Filling in the historical blanks

Filling in the historica

By AKIN AJAYI
December 31, 2009 13:09
4 minute read.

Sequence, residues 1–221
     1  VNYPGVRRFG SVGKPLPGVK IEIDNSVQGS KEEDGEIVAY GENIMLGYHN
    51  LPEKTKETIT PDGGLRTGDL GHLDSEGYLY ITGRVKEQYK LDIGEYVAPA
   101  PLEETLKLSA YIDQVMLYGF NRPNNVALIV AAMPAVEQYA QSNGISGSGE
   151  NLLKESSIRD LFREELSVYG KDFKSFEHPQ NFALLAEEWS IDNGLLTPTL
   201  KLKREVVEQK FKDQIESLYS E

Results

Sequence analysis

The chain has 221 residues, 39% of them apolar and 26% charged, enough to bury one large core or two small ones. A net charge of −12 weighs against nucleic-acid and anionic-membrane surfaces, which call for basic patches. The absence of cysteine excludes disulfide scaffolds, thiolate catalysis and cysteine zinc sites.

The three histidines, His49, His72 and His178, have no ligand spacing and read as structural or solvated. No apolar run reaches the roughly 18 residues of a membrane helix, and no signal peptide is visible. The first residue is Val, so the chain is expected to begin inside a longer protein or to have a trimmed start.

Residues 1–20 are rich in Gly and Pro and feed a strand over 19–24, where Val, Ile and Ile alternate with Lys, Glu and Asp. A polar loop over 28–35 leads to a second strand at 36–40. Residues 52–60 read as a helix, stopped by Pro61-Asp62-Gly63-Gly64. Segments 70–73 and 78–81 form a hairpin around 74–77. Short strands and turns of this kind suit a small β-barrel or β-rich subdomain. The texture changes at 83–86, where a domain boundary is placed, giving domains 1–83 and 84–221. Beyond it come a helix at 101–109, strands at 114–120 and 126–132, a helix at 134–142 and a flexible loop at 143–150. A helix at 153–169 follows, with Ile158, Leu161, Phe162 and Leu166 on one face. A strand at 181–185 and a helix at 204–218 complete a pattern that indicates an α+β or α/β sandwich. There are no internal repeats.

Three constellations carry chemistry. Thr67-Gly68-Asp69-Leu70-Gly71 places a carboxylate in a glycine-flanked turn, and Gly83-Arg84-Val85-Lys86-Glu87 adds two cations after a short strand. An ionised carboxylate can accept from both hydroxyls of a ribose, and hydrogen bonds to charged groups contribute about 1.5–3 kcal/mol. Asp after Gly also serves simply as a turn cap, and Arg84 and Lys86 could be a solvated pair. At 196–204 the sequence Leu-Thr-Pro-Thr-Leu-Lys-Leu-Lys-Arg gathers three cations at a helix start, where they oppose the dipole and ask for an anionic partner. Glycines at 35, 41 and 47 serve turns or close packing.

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Gertruda's Oath: A Child, a Promise and a Heroic Escape During World War II By Ram Oren Doubleday 308 pages $24.95 Using a fictional framework to explore personal history can yield unexpected rewards. The form allows the writer the freedom to fill in detail that may be lacking from a failing memory; it gives individual stories the opportunity to humanize historical fact. That said, this narrative device brings with it its own challenges; if the underpinning factual landscape is one as well-known and as anthologized as the Holocaust, does the individual's story run the risk of being overwhelmed beneath the wealth of detail already known to the reader? It's a chance that Ram Oren takes with Gertruda's Oath - A Child, a Promise and a Heroic Escape During World War II. In his preface, Oren - the popular Israeli author of suspense thrillers, including the translated Mark of Cain - explains that his decision to do so was, in a sense, unavoidable, given that his narrative was composed partially on the back of recollections from principal characters who had since passed away. Still, he continues, "[This story], and the story of all those affected by the Holocaust, is poignant history, and is here told as close to fact as possible." It is 1939. Michael Stolowitzky is three years old, the only child of a wealthy Jewish family in Warsaw. While the family is not completely insulated from intimations of what is to come, the violent facts that accompanied Hitler's rise to power across the border do seem remote. Michael is cared for by his nanny, a Catholic woman called Gertruda Bablinska. Her devotion to the child is absolute, despite her initial reservations about working for a Jewish family. She asks her priest for advice, and he reminds her that there will always be good people and bad people, Christians as well as Jews: "The most important thing is that they're good people, who will love you and whom you will love." With time, Michael becomes inseparable from Gertruda, and she in turn becomes a valued member of the family. What follows is at first predictable. When the Nazis invade Poland in the autumn of 1939, the family is split. Michael's father is trapped in Paris, where he had traveled to try to rescue what remained of his ailing business. Michael and his mother, accompanied by Gertruda, are forced to flee for their lives before the advancing German armies, to the Vilna Ghetto in present-day Lithuania. There, amid the desperate circumstances faced by the refugees, Michael's mother - always of a delicate disposition - takes seriously ill with a heart complaint. On her deathbed, her only thought is for her son's welfare. She asks Gertruda to look after Michael. The nanny agrees without a second thought: "I'll take care of him as if he were my own son." She promises, when the war ends, to take the boy to distant relatives who live in Palestine. Oren - as one might expect from a thriller writer - is an efficient rather than lyrical narrator, and his economical prose is shorn of overelaborate sentiment. This, oddly enough, does not always work for the best; the first half the book reads at times like a series of terse reports from a world about to topple over the edge. But gradually, the humanity of his characters softens the hard edges, replacing it with a tender and touching account of genuine, selfless generosity. Gertruda's task - a Polish Catholic woman protecting a small Jewish child against the seemingly insurmountable odds stacked against them - would in all probability have been an impossible one without the fortuity that the lottery of life throws up occasionally. When Michael falls ill, a doctor from the ghetto risks his life to minister to him; later, a Nazi called Rink - a man with an improbable family history of his own given his position - rescues them both from what would have surely been their end when a suspicious colleague demands that the young Michael remove his trousers and, inevitably, reveal his ancestry. From these vignettes one teases out a recurring theme of selfless sacrifice: Even amid the madness of the war and the Holocaust, there remained people who did what they believed to be right - even at great risk to themselves. The story of Gertruda's and Michael's epic journey to Palestine is but that of two individuals, a footnote to history. Still, it is from footnotes like this that one begins to understand the true course of history, history as experienced by the people who lived through it. It is a point that one fully appreciates toward the end of the book: The war has ended, and Gertruda and Michael are seeking passage to Palestine - on the Exodus, no less. While sympathetic to her cause, the Aliya Bet committee was not particularly inclined toward giving a Catholic woman passage, nanny - and savior - to a Jewish child or not. But one member of the committee, a "short, thin, high-strung young man" called Mordechai Rozman, refused to allow them to jettison her. "Everyone who saves one soul, it is as if he saved the whole world," he reminded them. "That woman gave up her life so the child would live. There's no greater sacrifice than that." And, eventually, the committee relents and lets her go with Michael, to Palestine and to fulfill her solemn oath.

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